Indonesia’s economy consolidated considerably between 2011 and 2013. Indonesia’s GDP passed the $1 trillion threshold during the period, marking a milestone in the country’s economic development. On the basis of most economic indicators, Indonesia performed exceptionally well: GDP growth has been above 6% for eight consecutive quarters between 2010 and 2012; poverty and unemployment has declined; the government debt to GDP ratio decreased to 25%; the stock market reached record heights in 2011 and 2012; and foreign direct investment (FDI) flooded the country. However, the economic boom encouraged Indonesia to adopt an increasingly protectionist posture. In a series of policy decisions heavily criticized by foreign investors, the government issued regulations that imposed new import and export taxes, limited economic freedoms, and strengthened the role of the state in key areas of the economy. In addition, the government has been slow to address the country’s most serious economic deficiency, an aging and underdeveloped infrastructure. Overall, then, Indonesia’s political system has remained stagnant, while its economy has struggled to accommodate the country’s rapid growth.

History and Characteristics of Transformation

Indonesia’s democratic transition began in May 1998, when longtime autocrat Suharto resigned from the presidency after 32 years in office. Supported by the military, the bureaucracy and his Golkar party electoral machine, Suharto had ruled the archipelago with an iron fist after bloodily putting down a communist coup attempt in October 1965. For much of his tenure, Suharto governed with a mixture of repression, patronage and performance legitimacy – the latter drawing on the high levels of economic growth under his watch. But the Asian financial crisis of 1997 – 1998 led to the collapse of the Indonesian economy, destroying Suharto’s power base and sending poor Indonesians to the streets. As a result, cracks in the regime emerged, which in turn emboldened street protests and encouraged Western capitals to reconsider their support for their former anti-communist ally. When the armed forces deserted him as well, Suharto had no other option but to resign.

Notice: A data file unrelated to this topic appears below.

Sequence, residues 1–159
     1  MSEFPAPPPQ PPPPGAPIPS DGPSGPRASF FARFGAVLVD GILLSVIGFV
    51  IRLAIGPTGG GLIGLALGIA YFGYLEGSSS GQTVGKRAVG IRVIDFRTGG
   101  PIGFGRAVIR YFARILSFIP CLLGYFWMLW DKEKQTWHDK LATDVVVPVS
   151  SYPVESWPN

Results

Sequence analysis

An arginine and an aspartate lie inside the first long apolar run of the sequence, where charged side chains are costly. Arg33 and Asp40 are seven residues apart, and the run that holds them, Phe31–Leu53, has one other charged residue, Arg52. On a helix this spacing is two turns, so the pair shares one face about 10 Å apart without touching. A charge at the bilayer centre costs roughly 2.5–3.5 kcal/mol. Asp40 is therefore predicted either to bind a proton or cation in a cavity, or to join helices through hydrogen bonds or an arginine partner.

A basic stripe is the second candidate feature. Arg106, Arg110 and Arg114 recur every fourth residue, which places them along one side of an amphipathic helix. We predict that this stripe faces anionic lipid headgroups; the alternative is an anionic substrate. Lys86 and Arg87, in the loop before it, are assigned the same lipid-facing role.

While Suharto’s resignation occurred amid significant mass mobilization, the regime change itself took place as a pact-based transition. Opposition forces allowed Suharto’s vice president, the hugely unpopular B.J. Habibie, to take power in exchange for assurances of substantial political reform. Indeed, Habibie’s reforms – most of which he began implementing only a week after Suharto’s fall – far exceeded the opposition’s expectations: He scheduled free and fair elections, lifted restrictions on the press, released political prisoners and even launched a decentralization process that turned the heavily centralized state into one of the most decentralized polities of the developing world. The June 1999 parliamentary elections were globally praised as free, fair and competitive, and Habibie handed over power to his successor Abdurrahman Wahid in October 1999. However, Wahid was elected by the partially appointed People’s Consultative Assembly, tainting the democratic quality of Indonesia’s first nonautocratic power transfer and making political conflict unavoidable. Backed only by a small faction in the legislature, Wahid was soon locked in a hostile conflict with all other political forces. Following his attempt to dissolve parliament in an unconstitutional manner in July 2001, the legislature impeached him. He was replaced by Vice President Megawati Sukarnoputri, who governed between 2001 and 2004.